1. Gain consensus on the goals. One way is setting SMART goals, that is, goals that are Specific, Measurable, Agreed upon, Realistic and Time-based. On every project, if you know your specific and measurable goals it is easier to know when it’s a success.
  2. Build and BE the best team you can. Although nowadays the lens is a lot on processes and performance, without the right people the project doesn’t happen. It was related to “No one person can whistle a symphony. It takes a whole orchestra”.
  3. Design, update and share a project plan. Many project managers make the mistake of not sharing the project plan with the team. Again, the team is essential!
  4. Determine what you need in advance. Plan, schedule, and Identify the tasks, sequence them, estimate time and budget, add key milestones and with that create a draft schedule.
  5. Be realistic with your schedule. People don’t work 24/7. Be MOSCOW to prioritise. Define the Must do and Should do goals and prioritise those from the Could do and Would do. On most of the projects the Must do and Should do are the least interesting but, should be prioritised and the team should understand this.
  6. People matter. Take care of your team and understand it. Not only do you need the people with the right skills, you also need people who work well together and have the experience needed.
  7. Teammates should know the needs of the others and yours. For that, you have to communicate with them.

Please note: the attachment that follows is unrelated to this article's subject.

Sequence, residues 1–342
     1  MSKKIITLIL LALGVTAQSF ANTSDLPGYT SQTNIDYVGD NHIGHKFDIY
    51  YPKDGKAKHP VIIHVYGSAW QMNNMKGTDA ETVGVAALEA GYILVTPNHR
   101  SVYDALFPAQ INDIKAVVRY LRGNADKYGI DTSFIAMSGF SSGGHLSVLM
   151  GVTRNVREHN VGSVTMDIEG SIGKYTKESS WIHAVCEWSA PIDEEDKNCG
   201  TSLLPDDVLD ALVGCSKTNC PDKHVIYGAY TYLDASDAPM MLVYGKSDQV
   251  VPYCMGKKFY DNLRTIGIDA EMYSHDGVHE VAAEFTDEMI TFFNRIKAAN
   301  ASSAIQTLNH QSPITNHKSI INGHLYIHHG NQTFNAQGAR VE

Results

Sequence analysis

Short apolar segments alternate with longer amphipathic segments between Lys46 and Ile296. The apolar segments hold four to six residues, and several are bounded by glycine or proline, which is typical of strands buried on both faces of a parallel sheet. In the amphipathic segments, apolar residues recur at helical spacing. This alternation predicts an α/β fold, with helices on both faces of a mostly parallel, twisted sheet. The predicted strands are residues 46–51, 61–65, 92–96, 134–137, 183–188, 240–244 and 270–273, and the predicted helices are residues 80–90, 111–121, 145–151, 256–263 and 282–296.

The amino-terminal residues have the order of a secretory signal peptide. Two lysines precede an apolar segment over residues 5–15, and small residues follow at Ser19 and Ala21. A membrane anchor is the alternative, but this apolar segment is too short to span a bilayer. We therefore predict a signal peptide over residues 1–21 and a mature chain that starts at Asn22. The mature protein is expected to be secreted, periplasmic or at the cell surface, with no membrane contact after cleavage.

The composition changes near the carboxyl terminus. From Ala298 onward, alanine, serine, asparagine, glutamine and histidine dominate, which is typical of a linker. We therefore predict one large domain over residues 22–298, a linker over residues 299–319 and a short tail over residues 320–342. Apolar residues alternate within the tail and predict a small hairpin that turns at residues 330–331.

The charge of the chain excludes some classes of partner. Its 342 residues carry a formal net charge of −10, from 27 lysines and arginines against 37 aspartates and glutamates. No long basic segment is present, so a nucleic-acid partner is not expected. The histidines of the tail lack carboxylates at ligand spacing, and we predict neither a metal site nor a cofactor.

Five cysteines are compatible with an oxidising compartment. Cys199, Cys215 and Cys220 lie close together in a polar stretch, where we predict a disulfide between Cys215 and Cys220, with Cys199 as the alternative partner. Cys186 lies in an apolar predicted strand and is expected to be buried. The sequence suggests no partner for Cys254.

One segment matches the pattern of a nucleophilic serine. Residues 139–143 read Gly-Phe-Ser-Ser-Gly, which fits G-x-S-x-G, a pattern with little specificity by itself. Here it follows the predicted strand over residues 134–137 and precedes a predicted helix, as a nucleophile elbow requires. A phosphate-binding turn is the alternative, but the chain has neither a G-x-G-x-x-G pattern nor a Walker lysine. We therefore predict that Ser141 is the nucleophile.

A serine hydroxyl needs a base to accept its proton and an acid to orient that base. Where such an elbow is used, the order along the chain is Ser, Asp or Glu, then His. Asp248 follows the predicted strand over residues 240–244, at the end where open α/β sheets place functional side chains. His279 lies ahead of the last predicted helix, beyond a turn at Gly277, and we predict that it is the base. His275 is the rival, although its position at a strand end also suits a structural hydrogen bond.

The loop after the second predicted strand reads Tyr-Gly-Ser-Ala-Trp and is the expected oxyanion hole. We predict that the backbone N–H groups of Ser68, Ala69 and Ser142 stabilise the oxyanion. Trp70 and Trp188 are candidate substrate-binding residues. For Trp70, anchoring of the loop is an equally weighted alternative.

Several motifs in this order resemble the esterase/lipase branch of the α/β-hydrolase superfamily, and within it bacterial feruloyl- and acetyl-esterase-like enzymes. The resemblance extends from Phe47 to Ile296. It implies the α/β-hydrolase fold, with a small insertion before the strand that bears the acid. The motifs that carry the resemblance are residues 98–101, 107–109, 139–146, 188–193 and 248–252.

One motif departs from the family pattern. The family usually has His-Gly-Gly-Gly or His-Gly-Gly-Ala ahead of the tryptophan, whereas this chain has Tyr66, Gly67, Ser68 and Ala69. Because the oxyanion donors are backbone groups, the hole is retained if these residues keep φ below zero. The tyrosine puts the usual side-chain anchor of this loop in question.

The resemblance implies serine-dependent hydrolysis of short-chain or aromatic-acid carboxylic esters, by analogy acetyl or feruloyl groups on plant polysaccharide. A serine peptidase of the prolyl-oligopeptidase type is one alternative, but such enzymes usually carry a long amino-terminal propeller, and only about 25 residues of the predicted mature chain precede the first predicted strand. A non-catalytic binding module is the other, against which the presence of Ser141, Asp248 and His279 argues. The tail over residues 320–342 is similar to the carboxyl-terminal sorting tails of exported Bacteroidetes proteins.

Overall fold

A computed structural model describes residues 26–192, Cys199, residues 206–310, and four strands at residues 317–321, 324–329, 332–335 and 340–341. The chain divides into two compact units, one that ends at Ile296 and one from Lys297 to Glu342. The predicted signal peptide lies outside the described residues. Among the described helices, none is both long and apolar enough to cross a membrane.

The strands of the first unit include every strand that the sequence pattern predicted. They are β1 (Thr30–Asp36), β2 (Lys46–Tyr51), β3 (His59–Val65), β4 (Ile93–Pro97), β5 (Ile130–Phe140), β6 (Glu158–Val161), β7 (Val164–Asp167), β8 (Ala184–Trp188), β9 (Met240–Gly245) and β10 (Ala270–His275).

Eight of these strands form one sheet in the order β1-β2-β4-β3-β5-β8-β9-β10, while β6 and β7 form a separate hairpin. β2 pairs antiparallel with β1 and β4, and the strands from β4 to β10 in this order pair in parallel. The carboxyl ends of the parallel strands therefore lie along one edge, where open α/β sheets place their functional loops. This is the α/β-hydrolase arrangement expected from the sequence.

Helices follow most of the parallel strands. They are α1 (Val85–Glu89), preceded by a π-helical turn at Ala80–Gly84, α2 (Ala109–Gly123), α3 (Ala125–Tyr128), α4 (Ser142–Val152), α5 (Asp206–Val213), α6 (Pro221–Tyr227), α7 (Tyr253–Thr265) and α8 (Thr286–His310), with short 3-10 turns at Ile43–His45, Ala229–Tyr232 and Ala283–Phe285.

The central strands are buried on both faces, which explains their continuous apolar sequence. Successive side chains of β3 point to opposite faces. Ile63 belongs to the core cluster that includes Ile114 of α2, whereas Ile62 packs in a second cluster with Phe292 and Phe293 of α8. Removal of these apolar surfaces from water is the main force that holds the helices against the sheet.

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  1. Create and innovate. Solve the problems trying new ways to do things.
  2. Praise and empower your team. And remember that if you have to criticize someone it has to be balanced, objective, observed, specific and timed. And never focus on the person but on the problem.
  3. Have fun!

To end the evening Natacha asked us to reflect on and explore at least three of the questions we talked about during the workshop.

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Thank you, Natacha, for such a fun and productive evening.

 

 

 

 

Men as champions of change with Jill Armstrong

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Collaborating with Men is ground-breaking research conducted by Murray Edwards College with men to establish how men and women can work together to transform workplace culture barriers to women’s progress into leadership positions. Much research shows how women’s careers are ill-affected by assumptions and behaviour in the workplace that arise from the dominance of masculine culture. Yet, very little research has sought the point of view of men. The research asks men who support gender equality: Do they see the problems women report? What they can personally do to help change the workplace? What support do they need from leaders?